Your field budget is generated from your bid. The total amount of time and materials that you have bid for each phase of the project makes up your field budget. This tells your superintendent and foreman on the job exactly how many hours and how many gallons of paint that you expect them to use for each step of the process. These budgets can be easily generated by using estimating software.
Once on the job, your superintendent and foreman can use this tool as a guideline to help them steer the project in the right direction and act as an early warning system to alert them to the fact that corrections are needed. This is a far better approach than waiting until the project is completed, and trying to figure out why you lost money.
Hand in hand with the field budget are your time cards. These are basically simple spreadsheets that must be filled out by your foremen, and there are several apps that can help you manage time as well.
We are all aware of the need to track, early and often, how our crews are performing on each job. This task can be made fairly simple by using time cards, which you can purchase or create yourself. These don’t need to be terribly sophisticated, just basic spread sheets that you can populate with the project information and rows which depict each task and the hours estimated for them. One suggestion is that you use the first column to assign a code to each task. When your foremen fill out their time cards, they should indicate the code that each employee was working on for that day. For example, the first column and row of the time card would have code 101 (Or any number of your choice). Moving to the right, the next cell would indicate “paint walls”, the next would show the hours used that day for painting walls and the next one, the total number of hours that were estimated for that task. The last cell should be for the percentage of the total that has been completed to date. Each day’s time card can be totaled weekly, and used to populate a Job Phase Overview Report. This lists, by codes, the total number of hours used on the job to date, compared to the estimate, and shows the differences. This makes it very easy to spot where you are winning or losing. The Job Phase Overview Report can be used in weekly production meetings to help your team evaluate the progress of each of your projects and to determine any necessary adjustments.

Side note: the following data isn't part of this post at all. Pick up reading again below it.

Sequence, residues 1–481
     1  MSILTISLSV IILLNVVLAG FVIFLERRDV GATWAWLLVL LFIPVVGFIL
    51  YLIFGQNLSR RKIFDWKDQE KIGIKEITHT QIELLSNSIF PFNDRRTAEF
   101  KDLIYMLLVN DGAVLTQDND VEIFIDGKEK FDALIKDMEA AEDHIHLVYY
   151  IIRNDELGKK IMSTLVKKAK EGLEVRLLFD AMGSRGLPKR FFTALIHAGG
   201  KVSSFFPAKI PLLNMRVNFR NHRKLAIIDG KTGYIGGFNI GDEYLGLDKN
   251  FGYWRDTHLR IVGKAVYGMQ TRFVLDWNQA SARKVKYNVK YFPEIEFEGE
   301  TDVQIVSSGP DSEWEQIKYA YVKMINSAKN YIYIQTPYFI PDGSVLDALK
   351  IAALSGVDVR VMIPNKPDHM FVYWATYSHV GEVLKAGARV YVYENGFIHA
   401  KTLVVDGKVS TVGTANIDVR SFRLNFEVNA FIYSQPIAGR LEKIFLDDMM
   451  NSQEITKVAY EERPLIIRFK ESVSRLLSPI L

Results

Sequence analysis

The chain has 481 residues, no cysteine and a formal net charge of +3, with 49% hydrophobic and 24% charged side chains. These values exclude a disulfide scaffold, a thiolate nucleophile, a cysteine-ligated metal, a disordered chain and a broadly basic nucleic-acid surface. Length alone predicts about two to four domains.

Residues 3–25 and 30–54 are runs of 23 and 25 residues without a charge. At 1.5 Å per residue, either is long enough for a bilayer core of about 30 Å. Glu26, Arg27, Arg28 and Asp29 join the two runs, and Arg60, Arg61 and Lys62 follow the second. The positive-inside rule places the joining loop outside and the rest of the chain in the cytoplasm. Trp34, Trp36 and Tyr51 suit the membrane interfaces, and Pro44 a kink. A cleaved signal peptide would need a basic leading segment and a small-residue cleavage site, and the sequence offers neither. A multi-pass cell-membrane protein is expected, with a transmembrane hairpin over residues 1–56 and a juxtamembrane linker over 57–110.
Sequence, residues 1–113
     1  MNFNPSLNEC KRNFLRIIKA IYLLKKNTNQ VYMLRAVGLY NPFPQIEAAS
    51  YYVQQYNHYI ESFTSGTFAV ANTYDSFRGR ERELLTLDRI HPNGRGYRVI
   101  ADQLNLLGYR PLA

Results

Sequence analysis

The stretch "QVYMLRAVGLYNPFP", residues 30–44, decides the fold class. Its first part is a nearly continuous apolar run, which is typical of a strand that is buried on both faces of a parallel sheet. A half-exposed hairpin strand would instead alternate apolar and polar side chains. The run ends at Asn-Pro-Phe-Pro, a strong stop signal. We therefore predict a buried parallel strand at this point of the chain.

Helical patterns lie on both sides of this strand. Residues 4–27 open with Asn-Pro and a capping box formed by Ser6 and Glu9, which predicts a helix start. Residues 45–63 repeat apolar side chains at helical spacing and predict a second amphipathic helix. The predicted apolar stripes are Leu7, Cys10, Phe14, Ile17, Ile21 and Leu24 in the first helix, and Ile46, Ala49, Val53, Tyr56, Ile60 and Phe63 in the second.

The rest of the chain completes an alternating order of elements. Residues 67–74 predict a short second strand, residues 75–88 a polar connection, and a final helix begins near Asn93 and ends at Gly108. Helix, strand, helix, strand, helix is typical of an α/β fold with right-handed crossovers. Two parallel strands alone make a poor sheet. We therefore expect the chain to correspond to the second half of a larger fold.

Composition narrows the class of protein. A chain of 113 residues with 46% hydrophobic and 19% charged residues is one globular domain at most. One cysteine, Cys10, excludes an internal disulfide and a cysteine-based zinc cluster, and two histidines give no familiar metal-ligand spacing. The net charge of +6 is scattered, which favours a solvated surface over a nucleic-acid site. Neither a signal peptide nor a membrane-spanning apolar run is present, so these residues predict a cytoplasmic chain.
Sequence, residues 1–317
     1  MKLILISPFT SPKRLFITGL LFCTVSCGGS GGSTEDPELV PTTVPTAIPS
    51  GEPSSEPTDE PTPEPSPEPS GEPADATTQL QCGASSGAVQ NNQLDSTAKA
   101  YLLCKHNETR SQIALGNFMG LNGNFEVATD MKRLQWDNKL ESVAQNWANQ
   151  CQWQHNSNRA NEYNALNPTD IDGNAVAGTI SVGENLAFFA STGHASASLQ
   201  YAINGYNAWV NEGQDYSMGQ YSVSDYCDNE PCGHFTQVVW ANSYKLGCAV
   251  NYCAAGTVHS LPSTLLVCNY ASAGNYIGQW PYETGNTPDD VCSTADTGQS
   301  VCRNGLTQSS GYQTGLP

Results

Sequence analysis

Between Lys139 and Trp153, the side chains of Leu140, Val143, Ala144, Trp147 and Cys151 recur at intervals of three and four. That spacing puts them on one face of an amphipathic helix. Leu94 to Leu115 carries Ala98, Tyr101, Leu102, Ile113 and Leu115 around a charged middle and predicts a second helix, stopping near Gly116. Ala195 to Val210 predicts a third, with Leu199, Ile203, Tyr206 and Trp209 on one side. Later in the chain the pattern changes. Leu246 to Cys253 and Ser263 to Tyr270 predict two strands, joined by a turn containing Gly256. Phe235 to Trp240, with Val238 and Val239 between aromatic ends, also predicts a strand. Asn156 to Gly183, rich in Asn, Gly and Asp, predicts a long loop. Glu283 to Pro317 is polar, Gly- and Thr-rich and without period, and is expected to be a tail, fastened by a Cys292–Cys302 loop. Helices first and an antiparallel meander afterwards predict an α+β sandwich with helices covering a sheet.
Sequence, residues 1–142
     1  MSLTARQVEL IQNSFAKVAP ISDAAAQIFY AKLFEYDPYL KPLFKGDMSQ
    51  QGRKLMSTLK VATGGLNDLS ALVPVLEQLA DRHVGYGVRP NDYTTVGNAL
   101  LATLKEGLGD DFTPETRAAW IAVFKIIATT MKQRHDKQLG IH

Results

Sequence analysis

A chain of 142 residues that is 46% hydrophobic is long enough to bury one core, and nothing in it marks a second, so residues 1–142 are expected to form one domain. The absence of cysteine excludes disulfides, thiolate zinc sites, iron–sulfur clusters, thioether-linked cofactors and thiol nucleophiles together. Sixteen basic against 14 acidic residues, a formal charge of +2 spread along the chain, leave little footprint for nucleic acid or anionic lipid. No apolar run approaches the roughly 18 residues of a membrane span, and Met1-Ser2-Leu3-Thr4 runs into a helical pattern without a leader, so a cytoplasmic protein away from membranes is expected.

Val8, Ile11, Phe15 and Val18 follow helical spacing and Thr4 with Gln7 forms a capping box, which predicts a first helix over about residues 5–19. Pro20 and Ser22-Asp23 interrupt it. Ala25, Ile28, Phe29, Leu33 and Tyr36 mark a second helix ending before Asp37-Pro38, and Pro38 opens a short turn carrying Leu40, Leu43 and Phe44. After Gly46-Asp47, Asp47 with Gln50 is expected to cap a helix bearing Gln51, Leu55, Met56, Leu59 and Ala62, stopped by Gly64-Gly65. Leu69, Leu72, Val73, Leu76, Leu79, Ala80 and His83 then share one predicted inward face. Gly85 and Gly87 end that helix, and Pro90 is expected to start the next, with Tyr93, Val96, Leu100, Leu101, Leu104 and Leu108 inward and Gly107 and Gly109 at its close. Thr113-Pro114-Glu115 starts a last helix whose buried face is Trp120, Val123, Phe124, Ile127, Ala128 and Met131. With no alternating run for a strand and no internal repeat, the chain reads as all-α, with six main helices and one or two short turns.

One other tool I would suggest is the use of Daily Reports. An accurate set of daily reports from a job will arm you with information that can help when bidding future work. Another benefit derived from the practice of keeping daily reports, is that they can serve as activity reports, should you need to refer to them at a future date. It’s not unheard of for a general contractor or owner to come to you during the course of a project, and question you as to what may or may not have been done on any given day. With your daily reports in hand, you have documented evidence of the number of people you working on any given day and what tasks they performed, material purchases, temperature and dew point readings, any conditions or events that may have impacted your production, documentation of directions from or correspondence with the customer and any other information you choose to include.
These reports can all be generated as easily as using a spiral notebook and handwriting, using a shared Google spreadsheet or a number of apps on the market. The important thing is to track and monitor everything you do.
Thanks to Lynn Jackson for this guest post.
Leave a comment below and tell us how you track!